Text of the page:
When they're not fending off radical activists, pro-life organizations are busy crafting new services and legislation to empower women as they look toward a post-Roe world. According to a survey of clientele from Human Coalition, most women considering abortion say they would prefer to parent "if their life circumstances were different." Thanks to the pro-life movement, these alternative circumstances are manifesting in the form of innovative technology and comprehensive networks to ensure care and resources are prevalent and easily accessible.

Susan B. Anthony Pro-Life America is launching an initiative called "Her Pregnancy and Life Assistance" to help pregnant women find the medical, social, and material support they need. This will include a database website with local resources, networks, connections, and child care.

Human Coalition, meanwhile, is working to pass Every Mother Matters legislation in every state, aiming to ensure access to assistance programs for at-risk pregnant women. The organization is also launching a comprehensive resource app that will connect women with local centers, material goods, funding sources, government programs, and more, making it easy for women to find and access things they need.

Care-net, the nation's largest umbrella network of pregnancy centers, recently launched Making Life Disciples, a massive effort to connect every church with a local pregnancy center. It hopes to reinforce every center with larger, more sustainable support systems via churches that can offer wide pools of support to women with deeper, long-term needs.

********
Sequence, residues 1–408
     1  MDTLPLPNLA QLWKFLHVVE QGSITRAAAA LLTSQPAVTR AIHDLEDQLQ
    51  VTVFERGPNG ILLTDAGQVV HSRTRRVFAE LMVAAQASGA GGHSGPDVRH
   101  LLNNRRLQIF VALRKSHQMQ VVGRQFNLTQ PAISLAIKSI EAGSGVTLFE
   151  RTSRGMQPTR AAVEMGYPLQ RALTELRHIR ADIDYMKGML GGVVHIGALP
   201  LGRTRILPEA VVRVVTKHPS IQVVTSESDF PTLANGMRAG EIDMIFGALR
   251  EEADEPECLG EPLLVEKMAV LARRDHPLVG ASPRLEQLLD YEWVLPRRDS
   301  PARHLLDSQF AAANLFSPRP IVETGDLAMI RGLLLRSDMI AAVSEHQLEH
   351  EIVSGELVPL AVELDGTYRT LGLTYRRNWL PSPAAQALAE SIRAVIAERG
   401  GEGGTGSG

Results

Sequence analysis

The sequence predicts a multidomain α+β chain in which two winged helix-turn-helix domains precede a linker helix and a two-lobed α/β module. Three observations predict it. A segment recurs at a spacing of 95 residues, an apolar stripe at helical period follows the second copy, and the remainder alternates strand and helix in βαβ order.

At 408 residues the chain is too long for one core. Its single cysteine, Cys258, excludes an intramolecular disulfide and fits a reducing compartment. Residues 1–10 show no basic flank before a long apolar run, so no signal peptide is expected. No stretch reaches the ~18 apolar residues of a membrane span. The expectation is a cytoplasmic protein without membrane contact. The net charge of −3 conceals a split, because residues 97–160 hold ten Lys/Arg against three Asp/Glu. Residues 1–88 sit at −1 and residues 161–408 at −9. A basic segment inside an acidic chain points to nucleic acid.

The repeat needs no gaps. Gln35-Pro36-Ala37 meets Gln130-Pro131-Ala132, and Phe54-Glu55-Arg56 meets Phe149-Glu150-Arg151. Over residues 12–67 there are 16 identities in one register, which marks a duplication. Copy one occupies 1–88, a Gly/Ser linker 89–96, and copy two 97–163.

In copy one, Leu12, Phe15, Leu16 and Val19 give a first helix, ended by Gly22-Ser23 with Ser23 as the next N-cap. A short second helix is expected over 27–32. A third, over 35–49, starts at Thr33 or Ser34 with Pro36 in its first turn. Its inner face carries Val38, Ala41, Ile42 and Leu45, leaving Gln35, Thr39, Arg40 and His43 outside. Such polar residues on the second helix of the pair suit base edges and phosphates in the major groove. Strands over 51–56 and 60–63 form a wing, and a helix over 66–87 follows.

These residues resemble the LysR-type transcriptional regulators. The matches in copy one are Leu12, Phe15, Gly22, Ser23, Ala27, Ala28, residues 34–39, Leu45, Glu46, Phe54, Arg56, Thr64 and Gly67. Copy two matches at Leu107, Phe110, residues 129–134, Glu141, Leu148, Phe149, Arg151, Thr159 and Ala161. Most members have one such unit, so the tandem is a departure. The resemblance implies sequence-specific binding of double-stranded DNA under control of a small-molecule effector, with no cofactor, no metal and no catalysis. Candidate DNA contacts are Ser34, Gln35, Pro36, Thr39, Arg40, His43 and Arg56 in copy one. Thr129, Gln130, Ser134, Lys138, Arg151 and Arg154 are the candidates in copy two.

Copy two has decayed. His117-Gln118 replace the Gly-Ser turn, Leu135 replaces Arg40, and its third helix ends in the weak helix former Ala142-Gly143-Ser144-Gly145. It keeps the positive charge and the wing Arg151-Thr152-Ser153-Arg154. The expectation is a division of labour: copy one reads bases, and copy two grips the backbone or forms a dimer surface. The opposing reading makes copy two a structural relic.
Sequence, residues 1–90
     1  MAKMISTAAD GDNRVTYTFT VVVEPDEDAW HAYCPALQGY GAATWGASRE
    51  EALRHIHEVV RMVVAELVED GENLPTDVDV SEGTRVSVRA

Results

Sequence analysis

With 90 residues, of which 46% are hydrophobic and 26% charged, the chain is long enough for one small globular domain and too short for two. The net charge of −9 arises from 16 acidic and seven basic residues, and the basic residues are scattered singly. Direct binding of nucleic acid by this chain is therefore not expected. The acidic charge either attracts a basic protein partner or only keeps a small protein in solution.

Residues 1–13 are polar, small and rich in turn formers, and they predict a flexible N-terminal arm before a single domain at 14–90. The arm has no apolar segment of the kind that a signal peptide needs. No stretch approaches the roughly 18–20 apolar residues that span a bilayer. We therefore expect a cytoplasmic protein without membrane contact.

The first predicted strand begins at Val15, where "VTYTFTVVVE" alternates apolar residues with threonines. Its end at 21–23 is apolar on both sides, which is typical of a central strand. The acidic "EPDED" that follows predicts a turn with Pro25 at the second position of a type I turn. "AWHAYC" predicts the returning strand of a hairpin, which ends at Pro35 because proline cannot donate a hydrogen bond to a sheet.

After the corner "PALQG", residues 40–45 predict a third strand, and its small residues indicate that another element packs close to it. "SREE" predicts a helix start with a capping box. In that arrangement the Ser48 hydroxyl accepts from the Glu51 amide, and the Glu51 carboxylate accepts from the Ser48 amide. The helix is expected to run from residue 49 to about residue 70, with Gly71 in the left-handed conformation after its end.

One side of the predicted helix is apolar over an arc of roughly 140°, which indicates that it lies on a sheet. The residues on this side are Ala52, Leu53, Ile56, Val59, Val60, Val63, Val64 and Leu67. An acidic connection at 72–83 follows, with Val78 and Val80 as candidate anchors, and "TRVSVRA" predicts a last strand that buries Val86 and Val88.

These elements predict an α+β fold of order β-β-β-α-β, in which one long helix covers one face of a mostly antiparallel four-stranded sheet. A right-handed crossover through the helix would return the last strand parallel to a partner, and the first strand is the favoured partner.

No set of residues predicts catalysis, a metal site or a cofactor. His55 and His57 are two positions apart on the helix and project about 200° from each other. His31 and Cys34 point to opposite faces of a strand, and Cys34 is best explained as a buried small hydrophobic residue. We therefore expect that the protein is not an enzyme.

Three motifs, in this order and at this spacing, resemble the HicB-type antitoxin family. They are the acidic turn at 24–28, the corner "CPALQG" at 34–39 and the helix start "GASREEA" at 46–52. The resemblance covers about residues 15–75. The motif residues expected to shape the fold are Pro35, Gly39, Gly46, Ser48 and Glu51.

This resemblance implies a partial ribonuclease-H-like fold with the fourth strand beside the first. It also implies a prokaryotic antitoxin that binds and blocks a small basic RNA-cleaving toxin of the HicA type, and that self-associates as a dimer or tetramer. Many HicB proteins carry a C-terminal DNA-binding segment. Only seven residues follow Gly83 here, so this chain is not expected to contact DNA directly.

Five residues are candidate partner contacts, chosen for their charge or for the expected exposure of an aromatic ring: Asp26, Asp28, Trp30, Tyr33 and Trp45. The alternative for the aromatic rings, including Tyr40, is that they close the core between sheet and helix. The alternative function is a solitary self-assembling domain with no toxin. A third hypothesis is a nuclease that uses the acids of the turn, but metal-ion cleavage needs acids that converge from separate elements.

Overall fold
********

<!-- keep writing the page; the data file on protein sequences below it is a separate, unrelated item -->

Other inventive ways of meeting needs for women include programs to "sponsor a baby," which provide free resources and counseling for moms, and centers that regularly compile Amazon wish lists for moms (which are often filled within minutes.) There are also maternity homes, local support groups, and government grants available with counselors willing and able to help navigate the process.

These kinds of grassroots solutions are the lifeblood of the movement and illustrate the kinds of sustainable programs unencumbered by political whims. Combined with bipartisan policies on innovative paid leave legislation and the Medicaid Children's Health Insurance, this means both sides can work together on maternal health regardless of Roe's status.

Attacking pregnancy centers creates a culture of fear and impedes the empowering work they do to provide families with necessary parenting tools. The work of pro-life organizations directs desperately needed resources toward women in need.

It's time for both sides to condemn the terrorism against pregnancy centers and assist those who are doing the hard work that ensures women thrive in motherhood, expected or not.

Ericka Andersen is a freelance writer in Indianapolis, Indiana. She is the author of the upcoming title Reason to Return: Why Women Need the Church and the Church Needs Women. You can find her work at

The views expressed in this article are the writer's own.